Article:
Prediction of NE dose response and lactate levels over 24 h in a linear model

A mixed-effect model (Additional file 1: Table S1) indicated a continuous effect of TPE on the reduction in NE doses over the initial 24 h. As opposed to the SOC group, which presented an estimated NE dose reduction of 0.005 µg/kg/min per hour, patients in the TPE group experienced an estimated NE reduction of 0.018 µg/kg/min per hour (p = 0.004) (Fig. 3A, B).

Fig. 3
figure 3

Modulation of TPE effect on norepinephrine dose and lactate concentrations. Shown are both observed A, C and estimated B, D norepinephrine doses (NE) as well as lactate concentrations for the standard of care (SOC) and therapeutic plasma exchange (TPE) group during the first 24 h since randomization. Estimated values were calculated using a linear mixed-effects model. The models indicated a continuous effect of TPE on the reduction in NE doses (p = 0.004) and lactate concentrations (p = 0.001) over the initial 24 h

Similarly, under TPE serum lactate levels continuously decreased over the initial 24 h whereas they increased under SOC (p = 0.001) (Fig. 3 C, D & Additional file 1: Table S2).

Solely baseline lactate levels were found to be predictive for the effect of TPE on NE reduction over the initial 24 h (Additional file 1: Table S3). Patients with increasing baseline lactate levels experienced diminishing NE dose reductions over 24 h when under SOC, in contrast to patients under TPE which experienced sustained NE reductions across all levels of lactate (p = 0.004). Thus, above approximately 3 mmol/l of lactate the slopes of NE dose reduction between TPE and SOC became disjoint, and above 4.5 mmol/l patients under SOC experienced no NE dose reduction, whereas NE reduction in the TPE group remained conserved (Fig. 4).

Fig. 4
figure 4

Prediction of effect of TPE on norepinephrine dose by baseline lactate concentration. Shown are estimated norepinephrine (NE) doses for both the standard of care (SOC) and therapeutic plasma exchange (TPE) group stratified by different lactate concentrations at randomization. Estimated values were calculated using a triple interaction model with TPE/ SOC and time, as well as all simple interaction terms between fixed effects. The model indicated that patients with increasing baseline lactate levels experienced diminishing NE dose reductions over 24 h when under SOC, in contrast to patients under TPE which experienced sustained NE reductions across all levels of lactate (p = 0.004). At baseline lactate concentrations of 2 mmol/l, both groups showed a reduction in NE (left panel). Above 4.5 mmol/l, patients under SOC experienced no NE dose reduction, whereas NE reduction in the TPE group remained conserved (middle panel). Above 7 mmol/l, patients in the SOC group showed increasing NE doses over time, while NE reduction was conserved in the TPE group (right panel). The thresholds for baseline lactate concentration employed were chosen post hoc in order to best illustrate the continuous effect of lactate within the model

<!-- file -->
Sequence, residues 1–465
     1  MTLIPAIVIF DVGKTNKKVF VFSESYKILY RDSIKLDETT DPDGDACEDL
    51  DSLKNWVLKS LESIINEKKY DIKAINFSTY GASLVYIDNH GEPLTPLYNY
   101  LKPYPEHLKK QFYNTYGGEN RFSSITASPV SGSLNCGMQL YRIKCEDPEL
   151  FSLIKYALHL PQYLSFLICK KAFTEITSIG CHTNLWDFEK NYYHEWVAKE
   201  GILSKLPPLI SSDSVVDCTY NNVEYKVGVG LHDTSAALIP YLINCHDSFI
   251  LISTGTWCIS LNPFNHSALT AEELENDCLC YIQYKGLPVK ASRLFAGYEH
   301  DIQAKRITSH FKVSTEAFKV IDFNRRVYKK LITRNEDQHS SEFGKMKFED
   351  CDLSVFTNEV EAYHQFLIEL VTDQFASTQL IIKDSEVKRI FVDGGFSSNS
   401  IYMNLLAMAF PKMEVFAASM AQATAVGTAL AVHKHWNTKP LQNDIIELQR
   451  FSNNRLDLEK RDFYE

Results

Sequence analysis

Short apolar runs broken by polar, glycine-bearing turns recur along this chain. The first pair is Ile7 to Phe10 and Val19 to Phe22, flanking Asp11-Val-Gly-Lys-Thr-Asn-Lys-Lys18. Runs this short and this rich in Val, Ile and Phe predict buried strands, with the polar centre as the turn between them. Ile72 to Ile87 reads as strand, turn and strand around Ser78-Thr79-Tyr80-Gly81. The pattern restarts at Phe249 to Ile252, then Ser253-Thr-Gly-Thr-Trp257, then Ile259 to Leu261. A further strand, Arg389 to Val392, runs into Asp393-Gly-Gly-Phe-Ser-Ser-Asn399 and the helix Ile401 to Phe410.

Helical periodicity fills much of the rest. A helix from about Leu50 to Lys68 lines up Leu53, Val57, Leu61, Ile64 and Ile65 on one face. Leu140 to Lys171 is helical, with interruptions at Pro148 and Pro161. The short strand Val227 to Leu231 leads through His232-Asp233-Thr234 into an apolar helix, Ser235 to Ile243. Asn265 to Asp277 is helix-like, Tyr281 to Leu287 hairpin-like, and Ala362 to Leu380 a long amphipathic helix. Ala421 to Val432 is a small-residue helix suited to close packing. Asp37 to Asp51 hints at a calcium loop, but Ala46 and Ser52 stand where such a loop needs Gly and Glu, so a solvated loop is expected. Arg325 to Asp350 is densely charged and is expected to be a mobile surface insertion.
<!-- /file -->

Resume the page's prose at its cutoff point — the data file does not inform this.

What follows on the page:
This prospective randomized bicentric trial shows that early TPE in patients with septic shock leads to hemodynamic stabilization. The primary endpoint showed a reduction in NE after 6 h following randomization of about 50% found in the TPE group. This early hemodynamic stabilization was also applicable for additional vasoactive and inotropic agents used (indicated by the VIS), was preserved 24 h after randomization and was accompanied by a reduction in blood lactate indicating shock reversal in the TPE group. Although NE dose was not different between groups beyond 24 h, this effect could be confounded by a higher mortality in the SOC group within the first 48 h after randomization. These results confirm earlier findings from non-randomized trials [9, 19]. Although total fluid balance was not different between both groups, SVV was improved in the TPE cohort, which might indicate additional greater intravascular filling following TPE treatment. In accordance with this hypothesis, improved fluid balances have been observed repeatedly with additive TPE treatment [9, 19].

More recently, distinct biological and clinical sepsis phenotypes have been identified that might respond differently to specific therapeutic measures [20]. As such, one of the major challenges in future precision medicine orientated sepsis therapy will lie in the correct identification of subgroups that might benefit most from a certain additive therapy modality. Two robust mixed-effect models indicated continuous effects of TPE on the reduction in both NE doses and lactate concentration over the initial 24 h following randomization. Overall, this might indicate improvements in both macro- and microcirculatory dysfunction associated with TPE treatment. Furthermore, when several baseline variables were explored as potential predictor variables for TPE effect on NE dose utilizing an additional multivariate mixed-effects model including a triple interaction term with TPE/SOC and time, only baseline lactate concentration turned out to be a significant predictor of later hemodynamic response to TPE. Patients with increasing baseline lactate levels experienced diminishing NE dose reductions over 24 h when under SOC, in contrast to patients under TPE, which experienced sustained NE reductions across all levels of lactate. Already above a baseline lactate above 3 mmol/l, the slopes of NE dose reduction between TPE and SOC became disjoint, and above 4.5 mmol/l patients under SOC experienced no NE dose reduction at all, whereas this remained conserved in the TPE group. This observation is of relevance as both absolute lactate and lactate clearance has been closely associated with survival in patients with septic shock [21]. That TPE appears to be effective in initiating both hemodynamic stabilization and lactate clearance and is especially beneficial in terms of hemodynamic improvement in patients with initial high lactate concentrations is a promising finding. Baseline lactate concentration might also facilitate further stratification in future larger prospective studies investigating TPE in septic shock patients.